With people in our communities furloughed, losing their jobs, unable to maintain their self-employed incomes, or take as many shifts as they used to, many people are experiencing financial hardship. Cornwall Council is reporting more people falling into council tax arrears, and people who have never had problems with it before being unable to pay, and Citizens Advice Cornwall is reporting families and individuals experiencing financial hardship for the first time, too.

Here is some collected advice to support people who are in debt, and to help protect people from Loan Sharks, and scams.

Debt advice

Citizens Advice has extensive information pages around debt, and where to get support if someone is experiencing problem debt. Cornwall Council has links to local support organisations, including Citizens Advice Cornwall.

  • Citizens Advice debt and money advice page including info on
    • paying bills
    • debt solutions (eg bankruptcy, etc)
    • budgeting
    • mortgage problems
    • rent arrears
    • borrowing money
    • dealing with creditors
    • banking
    • pensions
    • financial advice
    • gambling
    • tax
  • Cornwall Council debt advice
    • help or advice (Citizens Advice Cornwall contact details and others)
    • plus links to info about Loan Sharks, and where it is possible to borrow money legally
  • The Government’s Money Advice Service pages for people struggling with debt

Loan Sharks

The Loan Sharks reporting line is 0300 555 2222.

Loan Sharks offer often cash loans, without paperwork, with high interest rates to vulnerable people, and will often threaten those who cannot pay, or take their bank card, passport or other valuable items to secure the loan.

Stop Loan Sharks can help people to report loan sharks, confidentially, and help those who have been caught by them.

If someone is lending money, they must be registered with the Financial Conduct Authority. Search their database to see if the lender is legal or call Stop Loan Sharks on 0300 555 2222 for help.

Loan Sharks and dating apps

Loan sharks are using dating apps and social media sites to trick people into taking out loans. These criminals are trapping victims in a cycle of debt and misery and enforcing repayment by blackmail and threats of violence.

The England Illegal Money Lending Team launched a campaign this week to raise awareness – see their press release for full details, and please do share their social media posts around this (Facebook | Twitter | Instagram) or use their toolkit to create your own.

Loan Sharks partner scheme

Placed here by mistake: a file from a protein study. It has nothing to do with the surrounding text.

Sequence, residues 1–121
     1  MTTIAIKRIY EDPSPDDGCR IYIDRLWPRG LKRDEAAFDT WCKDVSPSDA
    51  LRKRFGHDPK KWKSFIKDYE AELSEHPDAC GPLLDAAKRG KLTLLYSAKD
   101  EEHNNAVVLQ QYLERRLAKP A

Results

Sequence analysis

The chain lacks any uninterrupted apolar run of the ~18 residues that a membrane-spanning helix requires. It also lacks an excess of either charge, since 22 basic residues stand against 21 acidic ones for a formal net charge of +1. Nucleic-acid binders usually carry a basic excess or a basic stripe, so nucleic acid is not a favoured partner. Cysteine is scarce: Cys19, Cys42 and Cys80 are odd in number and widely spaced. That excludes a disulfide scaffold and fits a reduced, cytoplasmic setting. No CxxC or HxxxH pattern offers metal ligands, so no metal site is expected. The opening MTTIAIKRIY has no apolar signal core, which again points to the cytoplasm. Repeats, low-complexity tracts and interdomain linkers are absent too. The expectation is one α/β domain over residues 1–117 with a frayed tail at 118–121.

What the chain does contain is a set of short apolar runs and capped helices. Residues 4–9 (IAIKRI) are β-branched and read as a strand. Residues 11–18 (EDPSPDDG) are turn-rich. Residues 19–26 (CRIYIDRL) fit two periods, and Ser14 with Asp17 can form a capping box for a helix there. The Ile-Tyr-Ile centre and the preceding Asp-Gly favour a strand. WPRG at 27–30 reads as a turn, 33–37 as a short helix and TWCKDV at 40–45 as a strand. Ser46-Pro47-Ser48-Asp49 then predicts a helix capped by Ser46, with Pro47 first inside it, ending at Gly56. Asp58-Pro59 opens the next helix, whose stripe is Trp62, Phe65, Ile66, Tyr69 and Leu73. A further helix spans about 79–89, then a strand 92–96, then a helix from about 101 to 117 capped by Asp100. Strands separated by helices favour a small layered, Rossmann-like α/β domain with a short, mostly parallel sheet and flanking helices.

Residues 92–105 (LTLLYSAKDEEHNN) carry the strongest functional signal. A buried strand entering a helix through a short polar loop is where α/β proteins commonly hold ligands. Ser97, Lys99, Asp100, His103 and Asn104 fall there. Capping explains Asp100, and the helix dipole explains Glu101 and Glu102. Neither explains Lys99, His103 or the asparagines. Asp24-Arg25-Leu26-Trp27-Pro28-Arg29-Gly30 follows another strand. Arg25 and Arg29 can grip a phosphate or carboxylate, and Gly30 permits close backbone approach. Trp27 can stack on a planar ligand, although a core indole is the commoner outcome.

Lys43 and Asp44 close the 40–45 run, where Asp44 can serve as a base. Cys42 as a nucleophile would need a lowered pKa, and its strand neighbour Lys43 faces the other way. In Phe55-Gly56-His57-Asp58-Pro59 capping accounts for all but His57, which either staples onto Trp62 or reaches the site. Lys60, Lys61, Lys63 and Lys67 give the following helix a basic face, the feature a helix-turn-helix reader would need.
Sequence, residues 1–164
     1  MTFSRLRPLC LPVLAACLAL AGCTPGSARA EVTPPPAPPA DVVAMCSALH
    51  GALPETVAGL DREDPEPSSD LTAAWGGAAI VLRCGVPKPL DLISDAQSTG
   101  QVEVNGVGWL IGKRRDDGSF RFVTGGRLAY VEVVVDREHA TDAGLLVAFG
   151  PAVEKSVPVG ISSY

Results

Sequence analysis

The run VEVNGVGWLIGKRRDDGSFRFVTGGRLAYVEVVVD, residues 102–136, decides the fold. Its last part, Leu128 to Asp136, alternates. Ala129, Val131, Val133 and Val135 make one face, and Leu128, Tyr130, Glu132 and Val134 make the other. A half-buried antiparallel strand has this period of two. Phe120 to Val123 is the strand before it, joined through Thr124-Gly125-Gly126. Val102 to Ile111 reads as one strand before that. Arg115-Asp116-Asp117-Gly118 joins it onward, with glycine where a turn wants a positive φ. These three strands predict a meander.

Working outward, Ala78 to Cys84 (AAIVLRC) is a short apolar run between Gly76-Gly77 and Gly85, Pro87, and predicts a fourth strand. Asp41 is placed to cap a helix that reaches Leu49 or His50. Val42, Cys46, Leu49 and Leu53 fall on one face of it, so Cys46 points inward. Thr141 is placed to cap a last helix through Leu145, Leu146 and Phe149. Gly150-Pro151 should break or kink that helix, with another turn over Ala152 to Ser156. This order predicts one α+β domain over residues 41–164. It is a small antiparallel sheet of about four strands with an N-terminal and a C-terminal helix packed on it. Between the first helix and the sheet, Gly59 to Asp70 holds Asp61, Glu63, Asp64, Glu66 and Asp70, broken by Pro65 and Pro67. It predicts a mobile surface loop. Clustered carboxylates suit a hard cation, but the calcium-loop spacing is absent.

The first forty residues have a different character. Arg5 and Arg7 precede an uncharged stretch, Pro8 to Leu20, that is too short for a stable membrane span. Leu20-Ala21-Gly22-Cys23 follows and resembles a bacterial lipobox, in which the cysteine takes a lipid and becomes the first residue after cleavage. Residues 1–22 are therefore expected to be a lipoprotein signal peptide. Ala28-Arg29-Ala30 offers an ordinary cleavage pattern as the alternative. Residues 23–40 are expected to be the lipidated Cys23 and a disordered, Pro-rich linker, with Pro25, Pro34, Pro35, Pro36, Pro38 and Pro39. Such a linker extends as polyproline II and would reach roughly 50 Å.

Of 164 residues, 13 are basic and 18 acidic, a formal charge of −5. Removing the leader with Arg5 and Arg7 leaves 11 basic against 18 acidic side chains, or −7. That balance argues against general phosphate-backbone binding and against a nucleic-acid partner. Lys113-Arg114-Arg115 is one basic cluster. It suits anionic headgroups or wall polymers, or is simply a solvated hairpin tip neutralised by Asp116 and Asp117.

The England Illegal Money Lending Team have recently launched their Partner Recognition Scheme. They work with numerous partners, including many in the voluntary sector, all over the country, and want to reward them for the work that they do in partnership with the team.

To find out more, including a self-appraisal tool, check their website, or see the brochure below.


Being scammed can be a humiliating and costly experience. Anyone can fall for a scam. They arrive through the post, by email, as a fax, over the telephone and on the doorstep. Most scams are, quite simply, fraud and the perpetrators are criminals.

Cornwall Council’s Trading Standards department has some information about how to recognise and avoid scams, and is happy to give talks about avoiding scams to local groups.

They also have a detailed page of scams that are linked with the coronavirus and changes in people’s activities at this time, including ones around fake PPE equipment, doorstep sales, solar panels, puppies, and more.

Independent Age has a list of Coronavirus scams, which is updated as new ones emerge.

How to recognise a scam

It might be a scam if:

  • it seems too good to be true – for example, a holiday that’s much cheaper than you’d expect 
  • someone you don’t know contacts you unexpectedly
  • you suspect you’re not dealing with a real company – for example, if there’s no postal address
  • you’ve been asked to transfer money quickly
  • you’ve been asked to pay in an unusual way – for example, by iTunes vouchers or through a transfer service like MoneyGram or Western Union
  • you’ve been asked to give away personal information like passwords or PINs
  • you haven’t had written confirmation of what’s been agreed

Citizens Advice also has signs to help recognise online scams.

If someone has been scammed…

If someone has been targeted by a scam it can be reported to Action Fraud online or by calling 0300 123 2040. For advice and information on how to check if something might be a scam, visit the citizens advice website.